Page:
In an Order dated November 25, 2013 in Zest IP Holdings, LLC v. Implant Direct Mfg., LLC et al., Civil No. 10-0541-GPC(WVG)(S.D.Cal.), the Magistrate Judge considered Plaintiff’s Motion for Sanctions based on defendants’ alleged spoliation and discovery abuses. In this patent infringement case, Plaintiffs informed Defendants in August 2008 that it considered Defendants’ product to be an infringement, and sent a formal letter in October 2008. The lawsuit was filed in March 2010.
Plaintiff electronic discovery requests included ESI and email from certain custodians. Defendants admitted they did nothing proactive to implement a litigation hold either in 2008 or when the lawsuit was filed in 2010. Defendants claimed that because they had a company policy that “no documents are to be deleted” in general, a litigation hold was unnecessary.
Belying this assertion, however, was the fact that the Director of Design Engineering admitted that she deleted all her emails because “no one told her not to delete them.” Further, the Defendant CEO admitted to having six email accounts, but only produced a small number of emails. From third party productions, Plaintiffs were able to uncover emails from the CEO relevant to the litigation, which the CEO himself failed to produce.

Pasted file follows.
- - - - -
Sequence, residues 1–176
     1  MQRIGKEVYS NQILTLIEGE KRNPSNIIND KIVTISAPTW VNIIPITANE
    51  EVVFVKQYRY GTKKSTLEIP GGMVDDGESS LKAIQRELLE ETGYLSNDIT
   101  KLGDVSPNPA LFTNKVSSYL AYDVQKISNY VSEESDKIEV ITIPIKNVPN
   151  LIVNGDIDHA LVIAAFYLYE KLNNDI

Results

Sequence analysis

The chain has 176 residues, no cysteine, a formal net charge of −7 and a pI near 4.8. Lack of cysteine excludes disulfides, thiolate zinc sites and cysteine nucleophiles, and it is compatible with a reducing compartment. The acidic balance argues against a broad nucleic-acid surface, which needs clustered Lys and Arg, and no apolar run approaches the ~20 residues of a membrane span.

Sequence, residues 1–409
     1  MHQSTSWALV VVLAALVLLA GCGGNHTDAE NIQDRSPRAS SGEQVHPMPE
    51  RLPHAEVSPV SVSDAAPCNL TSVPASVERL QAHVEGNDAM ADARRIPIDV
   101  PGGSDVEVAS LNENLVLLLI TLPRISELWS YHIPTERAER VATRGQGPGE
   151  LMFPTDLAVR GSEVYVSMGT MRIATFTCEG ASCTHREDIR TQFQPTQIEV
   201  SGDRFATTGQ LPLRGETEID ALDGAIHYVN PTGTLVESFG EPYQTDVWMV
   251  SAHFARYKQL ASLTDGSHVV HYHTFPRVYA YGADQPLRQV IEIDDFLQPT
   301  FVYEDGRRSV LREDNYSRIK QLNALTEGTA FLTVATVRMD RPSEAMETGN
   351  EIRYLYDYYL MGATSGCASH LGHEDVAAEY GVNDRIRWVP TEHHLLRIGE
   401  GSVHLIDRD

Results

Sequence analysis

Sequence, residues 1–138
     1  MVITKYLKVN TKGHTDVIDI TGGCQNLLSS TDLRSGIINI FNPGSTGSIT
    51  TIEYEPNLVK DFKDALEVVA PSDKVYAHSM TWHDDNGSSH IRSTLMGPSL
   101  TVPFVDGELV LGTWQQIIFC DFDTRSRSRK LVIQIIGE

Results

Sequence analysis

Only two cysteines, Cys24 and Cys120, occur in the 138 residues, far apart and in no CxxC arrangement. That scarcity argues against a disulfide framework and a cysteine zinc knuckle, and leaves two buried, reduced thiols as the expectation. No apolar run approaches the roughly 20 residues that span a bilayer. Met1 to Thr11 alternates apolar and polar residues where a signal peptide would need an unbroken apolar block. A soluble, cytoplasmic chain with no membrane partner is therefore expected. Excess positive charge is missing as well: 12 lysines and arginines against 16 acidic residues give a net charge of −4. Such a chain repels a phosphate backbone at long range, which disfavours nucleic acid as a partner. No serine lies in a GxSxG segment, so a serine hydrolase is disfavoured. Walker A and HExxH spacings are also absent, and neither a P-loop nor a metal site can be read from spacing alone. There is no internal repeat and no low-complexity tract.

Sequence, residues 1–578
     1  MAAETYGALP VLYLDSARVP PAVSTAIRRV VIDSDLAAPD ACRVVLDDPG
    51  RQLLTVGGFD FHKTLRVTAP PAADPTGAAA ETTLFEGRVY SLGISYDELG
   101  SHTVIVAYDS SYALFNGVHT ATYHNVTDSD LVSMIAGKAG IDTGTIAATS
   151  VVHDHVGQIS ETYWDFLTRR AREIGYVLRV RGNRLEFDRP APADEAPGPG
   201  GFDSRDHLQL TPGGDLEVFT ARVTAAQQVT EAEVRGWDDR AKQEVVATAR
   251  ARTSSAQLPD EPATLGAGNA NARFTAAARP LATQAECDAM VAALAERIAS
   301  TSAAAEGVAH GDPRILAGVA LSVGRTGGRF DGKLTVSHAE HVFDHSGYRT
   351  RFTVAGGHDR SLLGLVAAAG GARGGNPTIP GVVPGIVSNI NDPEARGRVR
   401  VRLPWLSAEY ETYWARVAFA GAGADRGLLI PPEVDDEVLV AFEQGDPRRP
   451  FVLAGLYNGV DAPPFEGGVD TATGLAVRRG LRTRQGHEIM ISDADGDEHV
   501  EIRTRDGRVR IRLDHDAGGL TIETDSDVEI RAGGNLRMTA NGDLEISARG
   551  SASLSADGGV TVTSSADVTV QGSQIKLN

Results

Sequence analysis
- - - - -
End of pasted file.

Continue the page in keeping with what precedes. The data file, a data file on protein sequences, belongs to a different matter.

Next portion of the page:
The Magistrate Judge ruled that the duty to preserve evidence in this case arose in October 2008 when the letter was sent notifying Defendants of the potential lawsuit. The Magistrate Judge also concluded that the Director engaged in spoliation when she admittedly deleted her emails. The CEO was also found to have engaged in spoliation for at least two emails that were later uncovered by a third-party production.
“It is obvious that Defendants’ document retention policy did not prevent documents from being destroyed.” In this case, Defendants had control of the email accounts and a duty to preserve the ESI, but destroyed the electronic data with a culpable state of mind. As a result of the prejudice to Plaintiffs, sanctions were awarded in the form of an adverse inference instruction and attorney fees.